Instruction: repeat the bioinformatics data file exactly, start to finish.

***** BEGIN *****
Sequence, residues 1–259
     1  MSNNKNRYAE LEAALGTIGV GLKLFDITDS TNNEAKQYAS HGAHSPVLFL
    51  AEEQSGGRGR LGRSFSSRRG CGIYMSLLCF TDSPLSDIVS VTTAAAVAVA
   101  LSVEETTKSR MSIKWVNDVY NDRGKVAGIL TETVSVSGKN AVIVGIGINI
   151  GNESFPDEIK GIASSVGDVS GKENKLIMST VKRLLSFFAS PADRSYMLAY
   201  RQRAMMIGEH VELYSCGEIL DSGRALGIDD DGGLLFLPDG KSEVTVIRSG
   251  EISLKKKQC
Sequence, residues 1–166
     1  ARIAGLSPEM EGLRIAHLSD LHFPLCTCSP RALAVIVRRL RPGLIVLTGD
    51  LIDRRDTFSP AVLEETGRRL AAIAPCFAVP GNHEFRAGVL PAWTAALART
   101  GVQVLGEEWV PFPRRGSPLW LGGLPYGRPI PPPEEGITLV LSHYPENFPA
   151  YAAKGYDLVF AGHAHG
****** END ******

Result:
Sequence, residues 1–259
     1  MSNNKNRYAE LEAALGTIGV GLKLFDITDS TNNEAKQYAS HGAHSPVLFL
    51  AEEQSGGRGR LGRSFSSRRG CGIYMSLLCF TDSPLSDIVS VTTAAAVAVA
   101  LSVEETTKSR MSIKWVNDVY NDRGKVAGIL TETVSVSGKN AVIVGIGINI
   151  GNESFPDEIK GIASSVGDVS GKENKLIMST VKRLLSFFAS PADRSYMLAY
   201  RQRAMMIGEH VELYSCGEIL DSGRALGIDD DGGLLFLPDG KSEVTVIRSG
   251  EISLKKKQC
Sequence, residues 1–166
     1  ARIAGLSPEM EGLRIAHLSD LHFPLCTCSP RALAVIVRRL RPGLIVLTGD
    51  LIDRRDTFSP AVLEETGRRL AAIAPCFAVP GNHEFRAGVL PAWTAALART
   101  GVQVLGEEWV PFPRRGSPLW LGGLPYGRPI PPPEEGITLV LSHYPENFPA
   151  YAAKGYDLVF AGHAHG